San Canyon Reservoir

A look at Irvine’s path to water reliability

by TOM BERG

Fiona Sanchez, Irvine Ranch Water District

As California experiences continued drought, there’s one thing that sets Irvine apart: water resilience.

It’s a result of early planning and continual investment in diverse strategies that help Irvine Ranch Water District prepare for drought better than other areas.

“Water is like financial planning,” says Fiona Sanchez, director of water resources for IRWD. “You never want all your eggs in one basket. You need to diversify.”

That strategy has paid dividends since IRWD’s earliest days, especially as imported water – supplies that come from Northern California or the Colorado River – has become increasingly expensive and susceptible to disruptions.

Pioneers of recycled water

IRWD’s Michelson and Los Alisos water recycling plants make up one of the nation’s most robust recycled water systems – one that includes 570 miles of pipeline and four storage reservoirs (like Sand Canyon, pictured above) and serves 27% of the area’s water needs.

Though they were among the first municipal-scale recycling plants in the country, Michelson and Los Alisos started out small, serving mostly agricultural irrigation needs in the late 1960s.

Yet Irvine’s water pioneers knew they had something special.

“We started laying recycled water pipes in 1967, long before we had a critical mass of supply or demand,” Sanchez says. “That early decision made all the difference. Without it, expanding the recycled water system to serve the future city would have likely been cost-prohibitive.”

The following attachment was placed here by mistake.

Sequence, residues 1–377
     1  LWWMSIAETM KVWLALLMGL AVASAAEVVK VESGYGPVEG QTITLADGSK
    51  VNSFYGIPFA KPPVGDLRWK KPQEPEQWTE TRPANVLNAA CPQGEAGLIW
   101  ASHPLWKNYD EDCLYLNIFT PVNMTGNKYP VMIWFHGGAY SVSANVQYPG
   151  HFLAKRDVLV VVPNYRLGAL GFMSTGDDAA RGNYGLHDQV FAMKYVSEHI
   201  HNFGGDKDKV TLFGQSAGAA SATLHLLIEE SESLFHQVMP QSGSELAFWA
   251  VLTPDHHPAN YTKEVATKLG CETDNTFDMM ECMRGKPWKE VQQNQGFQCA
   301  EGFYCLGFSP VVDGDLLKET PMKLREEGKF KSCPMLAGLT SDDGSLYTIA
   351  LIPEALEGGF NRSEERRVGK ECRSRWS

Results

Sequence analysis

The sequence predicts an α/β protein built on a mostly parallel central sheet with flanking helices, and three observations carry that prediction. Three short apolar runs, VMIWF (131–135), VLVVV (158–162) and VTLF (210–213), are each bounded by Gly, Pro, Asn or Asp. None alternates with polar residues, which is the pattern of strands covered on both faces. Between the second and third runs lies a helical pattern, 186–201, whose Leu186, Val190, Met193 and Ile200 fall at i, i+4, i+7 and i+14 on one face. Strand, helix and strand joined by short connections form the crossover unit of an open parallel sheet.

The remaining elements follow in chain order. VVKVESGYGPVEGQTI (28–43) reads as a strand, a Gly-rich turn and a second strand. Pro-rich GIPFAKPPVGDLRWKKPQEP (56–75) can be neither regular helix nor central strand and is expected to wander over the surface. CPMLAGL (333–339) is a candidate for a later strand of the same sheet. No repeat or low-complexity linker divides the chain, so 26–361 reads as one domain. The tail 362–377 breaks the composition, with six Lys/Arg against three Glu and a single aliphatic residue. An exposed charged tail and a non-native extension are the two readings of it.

Today, Michelson has the capacity to treat up to 10.2 billion gallons per year. That would free up enough drinking water to serve the needs of approximately 350,000 residents a year.

Water beneath residents’ feet

Recycled water isn’t the only arrow in the quiver. IRWD also draws from local groundwater sources, most of which provide very high-quality water.

Decades ago, a rich groundwater source in Irvine was discovered to be too brackish to drink or irrigate landscapes. So IRWD launched the Irvine Desalter Project in the early 2000s.

The Irvine Desalter Project has grown to generate about 1.6 billion gallons of water each year, enough to serve about 56,000 Irvine residents. The process provides high-quality water for indoor and outdoor uses.

“Water is like financial planning. You never want all your eggs in one basket. You need to diversify.” – Fiona Sanchez, Irvine Ranch Water District

Investment in water banking

A more recent piece of the water diversification puzzle involves land and water hundreds of miles away in California’s Central Valley.

It’s called “water banking” and captures water that would otherwise be lost to the ocean.

“The idea is relatively simple,” Sanchez says. “We construct water banks to capture and store water for when we need it.”

It’s a lot of water, too. The district’s goal is to have three years of potable water banked to meet the area’s needs and be ready to use in case of extreme drought or emergencies.

Lower costs and benefits for residents

It turns out that investing in diverse supplies also lowers costs for residents. In fact, IRWD has among the lowest rates in Orange County, according to Sanchez. That, coupled with the security and safety of a resilient water supply, bodes well for Irvine’s water future.